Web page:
Managers, owners and other staff members all-too-often hear what's wrong with their health clubs; and occasionally what's right too! Members will stuff suggestion boxes, rant at front desk staff and interrupt employees' workouts to complain about the temperature, the music or the time Zumba is offered.
Granted, feedback is good. It is important to hear what customers like, don't like, or want more of. It allows independent owners to stay ahead of the competition from low-cost clubs, big boxes and studios.
But this haphazard way of finding out if the membership is being served is not really the best way to get an accurate gauge on how the club is doing in the members' eyes. And, it is their eyes that matter.
Sure, managers and even owners walk the floor, check in on classes and chat with staff on a regular basis to see that things are clean and running as smoothly as possible. But, how often are they showering, hopping on a treadmill during peak time, or actually spending time in downward dog during the 6 AM yoga class? The thing is, while independent club owners are watching what's going on, they aren't always "living it" as much as the members.
Think about it. While the placement of the hip abductor on the end of a row, near a high-traffic walkway helps maximize space, does that really work for the members? Does having the AC kick on 15 minutes before opening really provide a great temperature for someone doing Plyo work five minutes after opening? (And asking a tired front desk employee if the temperature is comfortable may not give you the true picture.)
It may be time to invest some time - and possibly a few dollars - in not just waiting for your members to drop a note in the suggestion box, but to be proactive in checking in with your members.
Here are three ways to find out what members really think about your club and services:
1. Surveys - Today more than ever it is easy to survey your members. There are plenty of free email/online methods to get your questions out to them. Survey Monkey suggests, among other things, that surveys are kept short, and use simple, close-ended questions. Remember that return rates are likely to be low at first. Be sure to send follow-up reminders. Perhaps offer a free month's membership or a free personal training session as an incentive for participating.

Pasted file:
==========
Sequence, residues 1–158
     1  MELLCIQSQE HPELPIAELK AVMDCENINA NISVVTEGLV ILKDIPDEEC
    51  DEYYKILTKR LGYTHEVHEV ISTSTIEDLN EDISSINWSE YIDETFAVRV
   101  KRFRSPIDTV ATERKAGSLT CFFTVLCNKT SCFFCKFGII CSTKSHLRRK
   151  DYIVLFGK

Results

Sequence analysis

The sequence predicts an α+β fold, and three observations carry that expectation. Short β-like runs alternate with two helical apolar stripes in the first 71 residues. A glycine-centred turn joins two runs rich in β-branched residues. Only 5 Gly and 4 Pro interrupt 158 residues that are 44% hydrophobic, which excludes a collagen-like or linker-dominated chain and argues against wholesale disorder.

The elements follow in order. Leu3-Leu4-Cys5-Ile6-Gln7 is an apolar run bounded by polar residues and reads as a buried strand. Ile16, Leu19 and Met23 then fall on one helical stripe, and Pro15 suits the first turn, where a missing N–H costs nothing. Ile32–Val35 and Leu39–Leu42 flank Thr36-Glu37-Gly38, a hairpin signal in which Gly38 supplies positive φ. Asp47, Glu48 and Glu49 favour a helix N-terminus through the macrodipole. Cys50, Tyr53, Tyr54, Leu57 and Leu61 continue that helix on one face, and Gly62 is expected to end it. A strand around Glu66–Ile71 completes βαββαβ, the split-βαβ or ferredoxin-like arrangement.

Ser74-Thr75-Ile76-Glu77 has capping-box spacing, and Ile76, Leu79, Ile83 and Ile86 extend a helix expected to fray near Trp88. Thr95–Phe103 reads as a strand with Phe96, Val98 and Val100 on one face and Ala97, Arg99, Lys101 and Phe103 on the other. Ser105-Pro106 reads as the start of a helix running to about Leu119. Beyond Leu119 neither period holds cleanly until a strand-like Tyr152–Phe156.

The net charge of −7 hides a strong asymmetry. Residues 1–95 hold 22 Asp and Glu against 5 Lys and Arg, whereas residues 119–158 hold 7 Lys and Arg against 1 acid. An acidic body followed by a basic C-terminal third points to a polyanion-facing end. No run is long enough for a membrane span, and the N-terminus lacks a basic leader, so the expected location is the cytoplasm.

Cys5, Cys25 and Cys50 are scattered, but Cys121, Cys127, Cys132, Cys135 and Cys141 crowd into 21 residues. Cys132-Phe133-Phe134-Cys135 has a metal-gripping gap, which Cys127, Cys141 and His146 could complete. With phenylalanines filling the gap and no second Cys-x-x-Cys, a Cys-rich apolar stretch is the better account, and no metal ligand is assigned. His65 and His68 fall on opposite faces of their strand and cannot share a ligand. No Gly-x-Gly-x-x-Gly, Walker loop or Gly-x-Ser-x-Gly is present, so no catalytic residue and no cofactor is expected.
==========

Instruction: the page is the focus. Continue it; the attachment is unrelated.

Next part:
2. Focus Groups - While the art of face-to-face communication in the digital age is becoming an endangered species, sometimes there is no better way to find out what is really going on. Offer members a chance to earn a prize if they'll come sit in on a focus group and talk about your club. Remember to recruit a mix of club members based on time they attend, services used (personal training, spa, group ex.), length of membership and other factors. Also, be sure to be a passive participant. Encourage them to speak freely about the club - both good and bad - and resist the urge to explain, defend or promote the club.
3. Member Advisory Board - Just like being on any professional board, a health club advisory board should be viewed as an honor. It should be a competitive process that comes with responsibilities and rewards. Like the focus group, work to ensure that there is a mix of member demographics and usage patterns and time. Make the appointment to the board run for a set period of time. Consider offering these board members an incentive so they realize it's a "job."
It is a great idea for independent health club owners to talk to members often - and it's something the chains can't do and many discount clubs won't do. While casual conversations on the floor are helpful, real data from structured programs or surveys is far more valuable to finding out what your members want and what they will pay for it.
About the author:
John Agoglia has spent nearly two decades either working in health clubs or writing about them. He currently writes for several digital and print publications and provides marketing strategy and content services to companies in and out of the fitness industry.